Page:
Figure 3. Seasonal nitrogen distribution in a 13-year-old Nonpareil/Monterey almond orchard (cdfa.ca.gov/is/ffldrs/frep/FertilizationGuidelines/N_Almonds.html).

In the case of almonds, nitrogen can be applied any time after hull split up until a few weeks postharvest. In earlier harvested varieties and ‘Nonpareil,’ N can be applied shortly after harvest with the first postharvest irrigation. With later varieties like ‘Monterey’ or ‘Fritz,’ the application can be made post-hull split prior to harvest. This timing matches bud development that tends to occur about two weeks after ‘Nonpareil’ harvest for most varieties. Postharvest K applications may be a reasonable strategy if you are on soil that is able to hold the K. In sandy soils, K can be leached out of the rootzone, which may create a situation of deficiency in the following year.

In the case of grapes, the period after harvest but before leaf fall is one of the best times of the season for the uptake of N and K which the vine needs along with carbohydrates to provide for the period of rapid shoot growth in the spring after budbreak. This is encouragement to deliver these macronutrients after harvest when excessive growth and the K content of the fruit is not a concern. Replacing minerals is important as they are transported off-site in the crop. Even if some of these are recycled back into the soil like with leaves or canes, that recycling is slow and inadequate to provide the needed plant nutrients.

Figure 4. The period after grape harvest but before leaf fall is one of the best times of the season for the uptake of N and K.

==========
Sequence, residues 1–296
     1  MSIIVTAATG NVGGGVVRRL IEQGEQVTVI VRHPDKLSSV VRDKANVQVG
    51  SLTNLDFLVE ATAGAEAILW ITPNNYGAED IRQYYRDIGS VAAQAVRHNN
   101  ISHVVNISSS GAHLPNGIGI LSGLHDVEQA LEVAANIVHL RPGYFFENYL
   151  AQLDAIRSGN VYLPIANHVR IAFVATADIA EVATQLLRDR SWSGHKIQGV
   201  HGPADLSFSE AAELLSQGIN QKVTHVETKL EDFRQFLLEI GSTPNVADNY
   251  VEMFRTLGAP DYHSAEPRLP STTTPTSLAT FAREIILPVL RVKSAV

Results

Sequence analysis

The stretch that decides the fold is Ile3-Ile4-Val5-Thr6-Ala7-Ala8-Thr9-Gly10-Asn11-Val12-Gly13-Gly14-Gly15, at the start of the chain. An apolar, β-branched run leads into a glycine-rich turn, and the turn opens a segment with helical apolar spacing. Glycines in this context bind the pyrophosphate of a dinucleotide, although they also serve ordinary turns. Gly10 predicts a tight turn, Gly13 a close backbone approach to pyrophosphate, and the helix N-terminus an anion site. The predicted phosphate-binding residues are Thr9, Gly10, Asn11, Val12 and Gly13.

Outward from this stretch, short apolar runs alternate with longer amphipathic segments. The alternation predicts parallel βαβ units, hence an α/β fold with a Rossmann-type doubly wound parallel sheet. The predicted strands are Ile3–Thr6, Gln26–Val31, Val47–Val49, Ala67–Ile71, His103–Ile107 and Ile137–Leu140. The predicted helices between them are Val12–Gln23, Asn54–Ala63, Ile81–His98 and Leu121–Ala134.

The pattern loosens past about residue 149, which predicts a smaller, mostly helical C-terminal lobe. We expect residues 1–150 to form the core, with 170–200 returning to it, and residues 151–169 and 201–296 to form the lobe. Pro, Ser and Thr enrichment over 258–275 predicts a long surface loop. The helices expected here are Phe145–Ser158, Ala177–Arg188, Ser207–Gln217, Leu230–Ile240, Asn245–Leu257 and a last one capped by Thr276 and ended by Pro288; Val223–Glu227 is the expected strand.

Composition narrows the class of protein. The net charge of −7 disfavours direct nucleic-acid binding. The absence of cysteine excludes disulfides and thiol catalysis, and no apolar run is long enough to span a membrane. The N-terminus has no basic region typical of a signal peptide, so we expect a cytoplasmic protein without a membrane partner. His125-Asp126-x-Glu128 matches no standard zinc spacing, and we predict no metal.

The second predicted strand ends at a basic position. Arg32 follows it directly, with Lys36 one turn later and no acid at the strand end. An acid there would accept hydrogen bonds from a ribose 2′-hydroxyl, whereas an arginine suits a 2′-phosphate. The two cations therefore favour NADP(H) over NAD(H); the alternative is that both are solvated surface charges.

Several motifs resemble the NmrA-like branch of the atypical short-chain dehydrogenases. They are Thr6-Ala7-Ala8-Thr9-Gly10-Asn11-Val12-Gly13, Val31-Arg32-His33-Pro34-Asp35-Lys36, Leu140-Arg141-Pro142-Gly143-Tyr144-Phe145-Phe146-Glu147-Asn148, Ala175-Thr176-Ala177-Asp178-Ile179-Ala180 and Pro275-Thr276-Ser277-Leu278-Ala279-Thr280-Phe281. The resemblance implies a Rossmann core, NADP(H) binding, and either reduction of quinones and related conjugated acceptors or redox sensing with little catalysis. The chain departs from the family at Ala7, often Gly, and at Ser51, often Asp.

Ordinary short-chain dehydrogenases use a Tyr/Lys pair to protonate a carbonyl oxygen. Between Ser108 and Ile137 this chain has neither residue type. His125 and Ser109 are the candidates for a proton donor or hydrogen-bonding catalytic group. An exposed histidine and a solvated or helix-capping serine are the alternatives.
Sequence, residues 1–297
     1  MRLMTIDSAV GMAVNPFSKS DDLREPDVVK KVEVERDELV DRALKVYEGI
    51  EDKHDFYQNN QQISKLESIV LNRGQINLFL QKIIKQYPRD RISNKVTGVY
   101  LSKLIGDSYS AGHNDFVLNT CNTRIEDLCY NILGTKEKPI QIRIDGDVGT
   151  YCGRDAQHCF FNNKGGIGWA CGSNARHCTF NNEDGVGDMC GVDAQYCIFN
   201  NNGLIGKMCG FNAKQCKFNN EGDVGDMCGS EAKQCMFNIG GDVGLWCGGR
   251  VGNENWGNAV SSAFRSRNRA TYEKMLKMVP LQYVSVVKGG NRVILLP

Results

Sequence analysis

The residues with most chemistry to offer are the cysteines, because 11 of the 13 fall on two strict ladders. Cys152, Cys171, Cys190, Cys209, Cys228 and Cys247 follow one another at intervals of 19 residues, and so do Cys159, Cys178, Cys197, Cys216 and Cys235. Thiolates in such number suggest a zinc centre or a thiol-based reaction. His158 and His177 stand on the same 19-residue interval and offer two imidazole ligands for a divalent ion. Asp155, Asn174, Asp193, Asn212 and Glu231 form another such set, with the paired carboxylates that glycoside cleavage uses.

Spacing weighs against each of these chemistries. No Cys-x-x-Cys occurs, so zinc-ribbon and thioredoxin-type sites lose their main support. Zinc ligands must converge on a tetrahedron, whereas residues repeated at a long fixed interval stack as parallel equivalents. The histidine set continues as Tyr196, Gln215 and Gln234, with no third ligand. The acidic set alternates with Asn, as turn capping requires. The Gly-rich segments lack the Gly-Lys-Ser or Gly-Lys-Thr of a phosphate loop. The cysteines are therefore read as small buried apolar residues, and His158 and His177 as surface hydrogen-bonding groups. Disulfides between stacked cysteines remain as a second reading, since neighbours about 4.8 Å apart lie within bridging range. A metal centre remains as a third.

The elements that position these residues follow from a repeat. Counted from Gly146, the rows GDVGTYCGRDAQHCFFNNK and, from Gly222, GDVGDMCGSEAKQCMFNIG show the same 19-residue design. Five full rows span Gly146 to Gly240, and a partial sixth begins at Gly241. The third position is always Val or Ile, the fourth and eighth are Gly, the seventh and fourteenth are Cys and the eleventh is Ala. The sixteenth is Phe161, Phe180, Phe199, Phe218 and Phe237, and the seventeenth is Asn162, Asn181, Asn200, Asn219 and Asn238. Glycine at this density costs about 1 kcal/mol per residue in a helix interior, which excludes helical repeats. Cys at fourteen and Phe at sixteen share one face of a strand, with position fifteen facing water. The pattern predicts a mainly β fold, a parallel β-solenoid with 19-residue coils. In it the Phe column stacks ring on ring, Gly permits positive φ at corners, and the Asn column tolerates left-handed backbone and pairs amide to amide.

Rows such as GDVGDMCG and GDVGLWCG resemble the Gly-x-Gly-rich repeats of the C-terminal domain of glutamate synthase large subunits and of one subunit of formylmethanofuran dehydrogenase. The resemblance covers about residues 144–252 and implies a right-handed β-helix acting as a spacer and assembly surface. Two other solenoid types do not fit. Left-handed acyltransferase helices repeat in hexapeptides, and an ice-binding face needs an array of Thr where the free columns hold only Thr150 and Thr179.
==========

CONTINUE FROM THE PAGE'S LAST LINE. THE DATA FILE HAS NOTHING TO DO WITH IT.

In Research
There are two main stages of root growth. In a rhizotron study conducted in Chile in 1993 with two table grape varieties (Flame Seedless, Muscatel), it was shown that the first (and larger) peak root growth stage takes place from budbreak to petal fall/fruit initiation. The second (and smaller) peak root growth stage takes place after fruit harvest until leaf fall (postharvest). Root development is linked to the competition for carbohydrates between roots and developing fruits. Developing fruits are stronger sinks for carbohydrates produced in the leaf than roots. Therefore, root growth and development are suppressed during fruit development growth stages. Once the fruits have been harvested, roots become the stronger sink for carbohydrates to fuel their growth. Access to readily available essential macronutrients and micronutrients, applied with fertigation during postharvest, is equally essential to support root development. The recommended dose rate of nutrients in fertigation is to be decided by plant-soil-water diagnostics.

References
“Balanced soil fertility management in wine grape vineyards.” Grant, S. Practical Winery May/June 2002.
“Best Management Practices for Nitrogen Fertilization of Grapevines.” Peacock, B., Christensen, P. and Hirschfelt, D. University of California Cooperative Extension.
“Foothill Vineyard Post Harvest Activities: FERTILIZING: Information summarized from ‘Grapevine nutrition and fertilization in the San Joaquin Valley.’” Christensen, P., Kasimatis, A. and Jensen, F. UC ANR pub. 4087 (the “black book”) now out of print.” L.R. Wunderlich, UCCE Farm Advisor. Foothill Vineyard News, Issue 9, October 2013.
“Post-harvest Vineyard Management: Growers Guide for Riverina Vineyards.” Edited by Hackett, S. and Bartrop, K.. Riverina Wine Grapes Marketing Board. March 2011.
Resources
Almond Nutrients and Fertilization: fruitsandnuts.ucdavis.edu/crops/almond
Tree Fruit Soil Fertility and Plant Nutrition in Cropping Orchards in Central Washington: treefruit.wsu.edu/orchard-management/soils-nutrition/fruit-tree-nutrition/